But throughout his time at UCLA, Elorza had four mentors—with whom he still keeps in contact—who helped shape his future path. Now, he is applying to law school and is grateful that one of his mentors is an attorney and has been able to provide him guidance.

imageLike Elorza, Dominique Reese has used her connections from the South Central Scholars program to attend college and find a career.

Reese attended Crenshaw High School and applied to eight colleges, including Princeton, Stanford, USC and UCLA. She was accepted to them all and although she had never been to the East Coast, Reese chose to attend Princeton University.

“I was definitely college bound. I was a self-motivated student. When I was introduced to South Central Scholars, given their mission to support high achieving students in under-served areas, I was a perfect student for the program,” Reese said.

Although Reese grew up in South Los Angeles, she said she could not call the environment an obstacle, but only a distraction that she was determined to avoid.

“Sometimes I’d be doing my homework in front of a window and there’d be a drive by. I would just duck, and when the coast was clear, I would get back to doing my homework,” Reese said.

What she did see as an obstacle was the lack of resources at school. She took it upon herself to learn to fill in the holes in her education. She went to UCLA on the weekends to learn about the stock market, Reese said.

South Central Scholars helped Reese by pairing her with a mentor and providing a scholarship.

Three of Reese’s mentors were affiliated with Merrill Lynch where she interned. Upon graduation, Reese accepted a full-time job with Merrill Lynch.

Beyond graduation, both Elorza and Reese remain active members of South Central Scholar’s Alumni Association, which reaches out to schools that are not yet part of the scholarship program.

As part of her involvement with the Alumni Association, Reese recently secured a $15,000 grant for the College Access Conference and Institute. The eight-month institute will teach middle school students about college once a month.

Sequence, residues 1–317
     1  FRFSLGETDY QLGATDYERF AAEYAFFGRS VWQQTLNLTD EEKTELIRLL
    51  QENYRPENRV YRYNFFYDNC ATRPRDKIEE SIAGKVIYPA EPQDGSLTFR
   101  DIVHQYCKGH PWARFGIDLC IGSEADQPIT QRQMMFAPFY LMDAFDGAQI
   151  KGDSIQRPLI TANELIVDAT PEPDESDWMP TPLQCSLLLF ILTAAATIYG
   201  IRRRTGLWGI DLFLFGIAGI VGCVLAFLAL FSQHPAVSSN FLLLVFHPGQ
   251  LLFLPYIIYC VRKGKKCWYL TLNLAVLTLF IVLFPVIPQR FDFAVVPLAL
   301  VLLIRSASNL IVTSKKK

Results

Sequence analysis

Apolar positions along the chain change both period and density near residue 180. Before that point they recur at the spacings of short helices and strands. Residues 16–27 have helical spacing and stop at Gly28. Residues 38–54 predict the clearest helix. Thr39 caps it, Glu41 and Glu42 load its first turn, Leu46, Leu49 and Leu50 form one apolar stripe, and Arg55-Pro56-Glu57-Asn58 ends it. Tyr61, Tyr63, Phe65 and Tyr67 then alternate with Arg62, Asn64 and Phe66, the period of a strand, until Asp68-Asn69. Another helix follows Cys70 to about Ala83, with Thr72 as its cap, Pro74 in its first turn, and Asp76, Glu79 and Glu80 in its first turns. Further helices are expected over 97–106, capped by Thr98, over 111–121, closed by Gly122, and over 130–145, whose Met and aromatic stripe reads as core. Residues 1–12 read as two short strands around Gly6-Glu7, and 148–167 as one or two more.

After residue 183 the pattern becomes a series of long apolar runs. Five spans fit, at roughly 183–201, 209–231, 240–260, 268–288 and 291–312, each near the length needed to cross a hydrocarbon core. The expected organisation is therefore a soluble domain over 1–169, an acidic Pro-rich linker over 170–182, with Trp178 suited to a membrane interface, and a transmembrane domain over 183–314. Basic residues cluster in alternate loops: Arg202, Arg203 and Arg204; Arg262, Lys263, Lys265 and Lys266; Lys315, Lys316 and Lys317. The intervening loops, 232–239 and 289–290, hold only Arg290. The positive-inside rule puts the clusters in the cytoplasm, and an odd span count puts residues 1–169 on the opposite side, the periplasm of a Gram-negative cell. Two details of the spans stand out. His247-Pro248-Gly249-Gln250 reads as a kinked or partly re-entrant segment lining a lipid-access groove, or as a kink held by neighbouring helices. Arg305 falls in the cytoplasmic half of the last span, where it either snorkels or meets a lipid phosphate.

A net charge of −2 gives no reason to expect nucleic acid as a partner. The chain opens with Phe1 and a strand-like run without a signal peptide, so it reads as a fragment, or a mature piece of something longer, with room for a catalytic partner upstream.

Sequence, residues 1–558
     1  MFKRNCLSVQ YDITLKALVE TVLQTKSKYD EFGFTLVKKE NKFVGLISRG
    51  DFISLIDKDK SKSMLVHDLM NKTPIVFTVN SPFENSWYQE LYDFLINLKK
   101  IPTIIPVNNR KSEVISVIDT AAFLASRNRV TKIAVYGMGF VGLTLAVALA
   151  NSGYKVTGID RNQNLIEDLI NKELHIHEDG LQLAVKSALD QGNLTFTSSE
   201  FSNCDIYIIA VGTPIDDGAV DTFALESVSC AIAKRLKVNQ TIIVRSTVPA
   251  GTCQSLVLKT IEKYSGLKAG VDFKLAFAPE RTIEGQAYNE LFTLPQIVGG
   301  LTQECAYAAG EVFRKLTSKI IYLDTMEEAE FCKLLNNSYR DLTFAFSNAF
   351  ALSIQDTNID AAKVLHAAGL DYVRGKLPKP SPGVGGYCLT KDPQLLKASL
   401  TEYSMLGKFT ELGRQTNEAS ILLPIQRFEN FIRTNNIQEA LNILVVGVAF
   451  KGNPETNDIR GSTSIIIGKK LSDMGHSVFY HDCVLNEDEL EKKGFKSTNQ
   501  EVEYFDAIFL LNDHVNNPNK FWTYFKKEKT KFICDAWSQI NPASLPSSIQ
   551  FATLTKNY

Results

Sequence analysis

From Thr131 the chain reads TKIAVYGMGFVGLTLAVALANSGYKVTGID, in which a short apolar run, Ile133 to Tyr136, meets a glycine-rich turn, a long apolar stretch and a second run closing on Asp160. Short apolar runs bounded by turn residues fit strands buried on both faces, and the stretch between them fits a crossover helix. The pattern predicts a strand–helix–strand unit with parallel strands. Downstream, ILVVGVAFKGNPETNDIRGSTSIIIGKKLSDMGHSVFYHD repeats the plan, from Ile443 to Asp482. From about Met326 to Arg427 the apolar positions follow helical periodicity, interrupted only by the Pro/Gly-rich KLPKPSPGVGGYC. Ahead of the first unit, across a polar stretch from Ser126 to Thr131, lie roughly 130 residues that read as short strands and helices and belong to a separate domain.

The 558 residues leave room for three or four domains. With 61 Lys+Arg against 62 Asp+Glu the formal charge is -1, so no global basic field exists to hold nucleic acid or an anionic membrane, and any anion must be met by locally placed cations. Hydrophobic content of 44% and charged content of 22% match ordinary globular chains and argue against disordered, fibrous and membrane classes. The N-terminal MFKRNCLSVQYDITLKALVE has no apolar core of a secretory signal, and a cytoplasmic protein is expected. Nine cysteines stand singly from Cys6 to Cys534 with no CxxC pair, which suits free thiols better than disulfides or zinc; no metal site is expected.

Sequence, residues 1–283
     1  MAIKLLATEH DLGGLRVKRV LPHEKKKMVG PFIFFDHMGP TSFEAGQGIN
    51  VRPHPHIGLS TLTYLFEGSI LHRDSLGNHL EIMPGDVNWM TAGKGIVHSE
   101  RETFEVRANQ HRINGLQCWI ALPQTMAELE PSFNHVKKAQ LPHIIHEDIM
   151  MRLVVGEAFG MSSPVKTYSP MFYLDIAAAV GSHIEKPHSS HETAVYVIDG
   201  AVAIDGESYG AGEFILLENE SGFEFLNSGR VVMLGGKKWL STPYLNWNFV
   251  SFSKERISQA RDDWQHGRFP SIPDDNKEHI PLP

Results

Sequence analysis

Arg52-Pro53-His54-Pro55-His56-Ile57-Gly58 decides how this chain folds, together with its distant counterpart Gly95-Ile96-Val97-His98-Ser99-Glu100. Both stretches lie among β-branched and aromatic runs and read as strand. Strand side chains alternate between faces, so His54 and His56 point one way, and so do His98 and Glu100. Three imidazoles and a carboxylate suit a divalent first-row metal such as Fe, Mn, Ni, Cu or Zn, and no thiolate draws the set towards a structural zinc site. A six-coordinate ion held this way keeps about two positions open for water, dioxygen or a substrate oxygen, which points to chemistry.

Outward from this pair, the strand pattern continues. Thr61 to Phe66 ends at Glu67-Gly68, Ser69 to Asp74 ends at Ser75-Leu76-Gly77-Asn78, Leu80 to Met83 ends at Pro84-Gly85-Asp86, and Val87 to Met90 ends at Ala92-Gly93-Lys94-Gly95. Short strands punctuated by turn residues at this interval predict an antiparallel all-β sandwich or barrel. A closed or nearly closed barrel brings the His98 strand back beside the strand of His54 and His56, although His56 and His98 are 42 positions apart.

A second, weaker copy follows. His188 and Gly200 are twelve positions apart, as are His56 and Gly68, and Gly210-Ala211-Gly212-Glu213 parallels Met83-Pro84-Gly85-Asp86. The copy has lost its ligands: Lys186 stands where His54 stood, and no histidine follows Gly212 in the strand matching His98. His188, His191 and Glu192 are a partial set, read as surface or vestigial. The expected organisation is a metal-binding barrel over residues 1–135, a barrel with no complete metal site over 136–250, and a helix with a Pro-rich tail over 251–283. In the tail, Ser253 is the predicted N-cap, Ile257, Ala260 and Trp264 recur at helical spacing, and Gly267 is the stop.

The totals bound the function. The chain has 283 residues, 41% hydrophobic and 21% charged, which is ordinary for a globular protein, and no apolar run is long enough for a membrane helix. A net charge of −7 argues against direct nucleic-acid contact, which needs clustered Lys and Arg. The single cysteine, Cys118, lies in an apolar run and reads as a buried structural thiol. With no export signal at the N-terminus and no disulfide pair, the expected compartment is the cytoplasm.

Since May 2009, Reese has taught economic literacy to youth through the financial business she started in New York City, CommuniTree LLC.

Elorza received a grant to work with University of Southern California faculty member Willa Seidenberg in a project to archive and digitize his high school newspaper, the Toiler Times, which is the oldest high school newspaper in Los Angeles, Elorza said.

“South Central Scholars provides you with the confidence to become a leader,” Elorza said.

Photos courtesy of South Central Scholars


  1. Dominique' says:

    Thanks Raquel, great article!

  2. Thank you Raquel. South Central Scholars is doing a terrific job in aiding scores of South Central Los Angeles high school students obtain higher education degrees.

  3. I enjoyed reading this article, South Central Scholars funds futures. Students Elorza and Reese are the answer to, “how will the world be different tomorrow.” Congratulations for al the hard work!

    ~Marvin Espinoza~

  4. Willa Seidenberg says:

    I think it’s wonderful that there is an organization out there who can tap in the talent that exists in South Central and give these students a chance that students in other neighborhoods take for granted. Having worked with Ricardo Elorza, I can attest to the high quality of students represented in schools like Manual Arts.